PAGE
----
Top marks to Dr Jenny Condie (running for Mayor & Takapū/Northern Ward), Laurie Foon (Paekawakawa/Southern Ward) and Bernard O'Shaughnessy (Motukairangi/Eastern Ward) for submitting on both consultations and demonstrating the kind of engagement in local issues you'd expect from a serious candidate for council. This might not be a deal breaker for you, and there's lots of other things to think about when deciding how to vote, but you could certainly consider moving these candidates a place or two further up your STV rankings.
Highly commended goes to Conor Hill (running for Mayor & Wharangi/Onslow-Western Ward), Teri O'Neill (Motukairangi/Eastern Ward) and Ray Chung, Michelle Rush & Rohan Biggs (all running for Wharangi/Onslow-Western Ward) for submitting at least once.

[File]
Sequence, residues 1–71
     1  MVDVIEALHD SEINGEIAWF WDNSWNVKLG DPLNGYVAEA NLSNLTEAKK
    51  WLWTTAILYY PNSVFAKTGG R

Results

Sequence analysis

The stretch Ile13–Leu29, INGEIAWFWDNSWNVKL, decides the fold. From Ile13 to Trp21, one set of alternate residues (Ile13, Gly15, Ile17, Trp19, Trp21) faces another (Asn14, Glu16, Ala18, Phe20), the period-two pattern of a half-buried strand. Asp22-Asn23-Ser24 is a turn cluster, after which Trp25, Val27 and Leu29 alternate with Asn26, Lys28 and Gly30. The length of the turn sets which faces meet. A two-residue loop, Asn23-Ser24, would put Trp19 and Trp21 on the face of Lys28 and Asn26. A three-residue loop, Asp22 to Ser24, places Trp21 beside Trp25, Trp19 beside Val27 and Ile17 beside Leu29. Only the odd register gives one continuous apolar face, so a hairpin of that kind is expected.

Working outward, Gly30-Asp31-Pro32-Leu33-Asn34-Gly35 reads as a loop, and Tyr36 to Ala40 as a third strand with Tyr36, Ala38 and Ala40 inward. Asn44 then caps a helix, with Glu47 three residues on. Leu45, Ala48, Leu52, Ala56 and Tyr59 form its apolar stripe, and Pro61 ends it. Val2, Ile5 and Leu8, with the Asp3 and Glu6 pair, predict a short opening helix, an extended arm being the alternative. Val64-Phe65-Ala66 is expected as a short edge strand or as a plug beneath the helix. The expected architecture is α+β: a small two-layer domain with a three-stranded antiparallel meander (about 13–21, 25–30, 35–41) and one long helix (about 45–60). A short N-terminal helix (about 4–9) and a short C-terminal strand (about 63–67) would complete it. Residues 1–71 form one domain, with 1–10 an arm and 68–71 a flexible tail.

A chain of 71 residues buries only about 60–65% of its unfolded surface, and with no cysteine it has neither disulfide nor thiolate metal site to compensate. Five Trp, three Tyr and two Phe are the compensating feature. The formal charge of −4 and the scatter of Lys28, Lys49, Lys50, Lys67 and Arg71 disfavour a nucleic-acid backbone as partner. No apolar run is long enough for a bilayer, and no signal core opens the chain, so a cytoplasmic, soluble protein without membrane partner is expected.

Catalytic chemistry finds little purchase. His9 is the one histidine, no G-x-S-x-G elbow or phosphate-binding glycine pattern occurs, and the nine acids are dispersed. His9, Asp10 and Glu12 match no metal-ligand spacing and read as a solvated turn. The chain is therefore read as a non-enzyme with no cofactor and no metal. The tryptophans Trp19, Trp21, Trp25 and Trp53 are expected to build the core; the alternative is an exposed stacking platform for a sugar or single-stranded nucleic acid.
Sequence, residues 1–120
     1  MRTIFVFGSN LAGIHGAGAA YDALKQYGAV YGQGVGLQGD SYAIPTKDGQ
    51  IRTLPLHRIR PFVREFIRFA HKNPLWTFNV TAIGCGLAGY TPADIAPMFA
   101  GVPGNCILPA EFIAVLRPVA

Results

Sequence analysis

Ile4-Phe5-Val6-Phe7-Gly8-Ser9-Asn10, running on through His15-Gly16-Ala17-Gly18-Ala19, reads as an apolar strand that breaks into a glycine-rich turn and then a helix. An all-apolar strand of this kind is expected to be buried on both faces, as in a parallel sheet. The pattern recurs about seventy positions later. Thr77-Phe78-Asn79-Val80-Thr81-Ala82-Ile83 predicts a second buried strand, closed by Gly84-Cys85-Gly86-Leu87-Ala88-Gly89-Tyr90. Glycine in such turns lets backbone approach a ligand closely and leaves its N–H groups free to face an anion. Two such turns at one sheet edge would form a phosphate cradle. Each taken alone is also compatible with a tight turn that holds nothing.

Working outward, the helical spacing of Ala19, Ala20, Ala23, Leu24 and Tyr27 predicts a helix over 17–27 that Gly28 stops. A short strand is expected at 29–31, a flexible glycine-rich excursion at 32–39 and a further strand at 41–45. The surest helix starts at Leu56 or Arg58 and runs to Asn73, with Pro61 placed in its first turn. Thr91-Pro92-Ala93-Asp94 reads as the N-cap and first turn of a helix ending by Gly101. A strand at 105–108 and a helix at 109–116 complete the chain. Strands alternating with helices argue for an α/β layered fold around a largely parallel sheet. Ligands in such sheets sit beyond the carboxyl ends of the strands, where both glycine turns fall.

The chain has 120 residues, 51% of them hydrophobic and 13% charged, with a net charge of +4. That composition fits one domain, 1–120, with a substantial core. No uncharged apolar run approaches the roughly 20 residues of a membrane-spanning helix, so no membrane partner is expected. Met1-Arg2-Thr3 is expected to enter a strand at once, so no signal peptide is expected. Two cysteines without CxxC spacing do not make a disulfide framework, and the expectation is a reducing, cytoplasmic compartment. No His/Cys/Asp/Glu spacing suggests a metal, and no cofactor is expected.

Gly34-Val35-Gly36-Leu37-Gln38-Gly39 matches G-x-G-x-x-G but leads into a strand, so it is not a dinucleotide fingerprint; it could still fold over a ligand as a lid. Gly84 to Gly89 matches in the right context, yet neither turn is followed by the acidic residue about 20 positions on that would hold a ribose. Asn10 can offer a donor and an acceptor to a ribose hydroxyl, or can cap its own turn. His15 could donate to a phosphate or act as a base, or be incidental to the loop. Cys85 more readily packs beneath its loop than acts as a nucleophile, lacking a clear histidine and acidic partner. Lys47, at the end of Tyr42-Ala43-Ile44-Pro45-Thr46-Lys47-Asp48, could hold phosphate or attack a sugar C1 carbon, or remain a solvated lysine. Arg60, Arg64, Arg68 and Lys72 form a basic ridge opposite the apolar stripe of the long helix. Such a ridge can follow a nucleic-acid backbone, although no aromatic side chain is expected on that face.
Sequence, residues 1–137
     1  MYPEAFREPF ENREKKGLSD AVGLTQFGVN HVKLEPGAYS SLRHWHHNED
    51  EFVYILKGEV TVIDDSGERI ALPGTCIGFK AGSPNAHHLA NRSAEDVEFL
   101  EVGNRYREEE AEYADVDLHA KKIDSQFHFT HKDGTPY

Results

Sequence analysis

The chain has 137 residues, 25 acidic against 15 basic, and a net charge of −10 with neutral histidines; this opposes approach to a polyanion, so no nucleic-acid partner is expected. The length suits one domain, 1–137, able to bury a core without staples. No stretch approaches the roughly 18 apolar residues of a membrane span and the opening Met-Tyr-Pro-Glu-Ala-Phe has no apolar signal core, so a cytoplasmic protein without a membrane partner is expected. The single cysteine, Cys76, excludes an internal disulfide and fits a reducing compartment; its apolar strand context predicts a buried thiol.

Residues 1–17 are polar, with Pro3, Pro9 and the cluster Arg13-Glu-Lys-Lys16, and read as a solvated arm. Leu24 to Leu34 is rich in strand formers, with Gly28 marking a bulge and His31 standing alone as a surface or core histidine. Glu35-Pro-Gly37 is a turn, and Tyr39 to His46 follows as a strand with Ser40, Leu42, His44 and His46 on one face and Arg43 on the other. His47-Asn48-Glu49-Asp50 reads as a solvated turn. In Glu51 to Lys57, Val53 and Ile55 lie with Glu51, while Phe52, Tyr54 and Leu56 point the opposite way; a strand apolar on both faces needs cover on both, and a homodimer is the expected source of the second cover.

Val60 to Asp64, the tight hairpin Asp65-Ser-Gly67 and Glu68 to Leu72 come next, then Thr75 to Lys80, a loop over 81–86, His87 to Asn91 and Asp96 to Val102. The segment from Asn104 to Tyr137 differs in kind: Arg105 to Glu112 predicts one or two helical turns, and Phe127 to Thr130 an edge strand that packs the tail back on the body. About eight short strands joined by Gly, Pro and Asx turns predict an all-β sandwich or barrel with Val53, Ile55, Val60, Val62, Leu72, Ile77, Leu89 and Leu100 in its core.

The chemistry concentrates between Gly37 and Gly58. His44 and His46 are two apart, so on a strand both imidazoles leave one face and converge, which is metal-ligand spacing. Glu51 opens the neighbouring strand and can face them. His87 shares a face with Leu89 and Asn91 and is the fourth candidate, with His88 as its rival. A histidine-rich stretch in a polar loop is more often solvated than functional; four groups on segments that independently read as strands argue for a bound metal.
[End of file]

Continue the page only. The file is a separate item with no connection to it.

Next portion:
As for the other 18 candidates feel free to question them during candidates meetings about why they didn't feel it was important to participate. Again, this probably isn't a deal-breaker but if you already have doubts about any of these 18 candidates then their non-engagement in these consultations probably confirms a low ranking is deserved.
The low response rate also creates a bit of an issue in terms of publishing the responses themselves. It could be seen as unfair to the candidates who did respond to publicise their responses when so many of their rivals won't get the same scrutiny. On the other hand every shred of information we can gather about candidates is valuable, especially when it is, well... candid. These two spreadsheets summarise the candidates submissions on the two consultations and include the aggregated results from all submitters for comparison (note that Ray Chung only made a written submission on Planning for Growth and didn't complete the online questionnaire):
Planning for Growth
Te Atakura - First to Zero